Ever been put on hold when calling your insurance carrier? Or had so little time with your physician that you could not discuss everything you thought was important?
Our care is generally good in the United States but not as good as it could be nor as good as it should be. There are multiple problems to consider.
First, ours is a medical care system not a health care system. It is a system that focuses on disease once it has occurred but gives relatively little attention to maintaining health and developing wellness. Clearly there is a need for greater attention to disease prevention and health promotion.
Second, the system developed over many decades to care for acute illness but today America is faced with more and more chronic diseases. Sure there are still patients with an ear infection or a broken leg. But more and more individuals are developing diabetes, heart failure (both of these now becoming epidemics), cancer, chronic lung disease and others. These are illnesses that generally last a lifetime, are complex to manage and inherently expensive to treat. They are best handled by a multi-disciplinary team coordinated by a primary care physician. But such is seldom the case today.
Third, of course, many do not have health insurance with some 47 million uninsured and many more underinsured. And as they obtain insurance or join the Medicaid ranks as the result of healthcare reform, there will be way too few primary care physicians to care for them. They will therefore continue to use the emergency room as their principle place for care.
Fourth, our system of care is not customer-focused. We wait long weeks and months for an appointment, spend long times in the waiting room and are frustrated that we get just 12-15 minutes with our doctor. Our doctor suggests that we go to a specialist but does not personally call the specialist to explain the issue nor to smooth the path for a speedy appointment. We are not really his or her customer in that we do not pay for the services rendered except for a small co-pay or deductible. So it is not a typical professional-client relationship.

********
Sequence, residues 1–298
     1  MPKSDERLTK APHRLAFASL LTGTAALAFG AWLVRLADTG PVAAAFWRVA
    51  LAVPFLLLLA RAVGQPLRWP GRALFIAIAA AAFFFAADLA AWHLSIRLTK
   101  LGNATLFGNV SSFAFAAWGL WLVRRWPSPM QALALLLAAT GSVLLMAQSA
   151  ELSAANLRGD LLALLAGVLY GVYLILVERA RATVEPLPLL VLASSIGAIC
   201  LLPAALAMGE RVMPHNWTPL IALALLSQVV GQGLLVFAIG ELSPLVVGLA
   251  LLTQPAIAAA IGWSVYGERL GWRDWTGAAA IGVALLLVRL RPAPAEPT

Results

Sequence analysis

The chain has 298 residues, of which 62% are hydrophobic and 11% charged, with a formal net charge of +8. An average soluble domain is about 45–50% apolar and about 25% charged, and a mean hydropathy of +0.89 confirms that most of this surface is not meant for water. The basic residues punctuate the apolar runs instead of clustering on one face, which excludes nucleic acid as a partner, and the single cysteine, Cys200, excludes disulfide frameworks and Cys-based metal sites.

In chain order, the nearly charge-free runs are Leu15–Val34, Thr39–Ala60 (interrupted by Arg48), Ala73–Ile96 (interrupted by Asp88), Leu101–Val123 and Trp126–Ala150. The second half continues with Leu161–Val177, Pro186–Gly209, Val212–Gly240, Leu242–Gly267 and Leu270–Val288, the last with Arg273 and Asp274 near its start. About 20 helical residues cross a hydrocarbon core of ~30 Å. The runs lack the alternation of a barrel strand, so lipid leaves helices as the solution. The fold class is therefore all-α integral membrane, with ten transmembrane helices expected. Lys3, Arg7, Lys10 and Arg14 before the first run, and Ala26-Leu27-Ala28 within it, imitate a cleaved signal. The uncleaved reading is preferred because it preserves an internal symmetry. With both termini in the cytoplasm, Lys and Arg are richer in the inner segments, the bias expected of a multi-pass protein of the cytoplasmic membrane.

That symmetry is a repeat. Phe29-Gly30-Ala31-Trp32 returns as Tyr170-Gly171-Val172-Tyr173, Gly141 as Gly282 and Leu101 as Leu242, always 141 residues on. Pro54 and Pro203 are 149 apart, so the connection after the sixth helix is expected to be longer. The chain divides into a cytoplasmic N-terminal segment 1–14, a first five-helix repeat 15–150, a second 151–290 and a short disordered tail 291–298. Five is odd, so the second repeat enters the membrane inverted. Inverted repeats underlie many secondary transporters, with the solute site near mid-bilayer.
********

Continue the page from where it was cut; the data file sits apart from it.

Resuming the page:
And fifth there are the insurers. We are not their customer – our employer is their customer or our government is their customer – but not us. And it shows – by our long waits on the phone, by the complex often hard to understand paperwork and by the frustration when the insurance we thought we had does not cover our latest tests, x-rays or specialist visit.
Indeed we are not the insurer’s customer nor are we the doctor’s customer. The physician is the customer – sort of – of the insurance company. We are mere bystanders. This is hardly the type of contractual relationship we have with our lawyer, architect or accountant.
So a new vision for our system must make it a healthcare not just a medical care system. It must recognize the importance of intensive preventive care to maintain wellness. It must address the needs of those with chronic illnesses (who consume 70-85% of all healthcare claims paid) to both improve quality of care while dramatically reducing the costs of care. And it must be redesigned so that the patient is the customer that he or she should be – of both the physician and the insurer. It’s doable but it means a rethinking of how our delivery system is structured.
Stephen C. Schimpff, MD is an internist, professor of medicine and public policy, former CEO of the University of Maryland Medical Center and consults for the US Army, medical startups and Fortune 500 companies. He is the author of The Future of Medicine – Megatrends in Healthcare and The Future of Health Care Delivery, published by Potomac Books.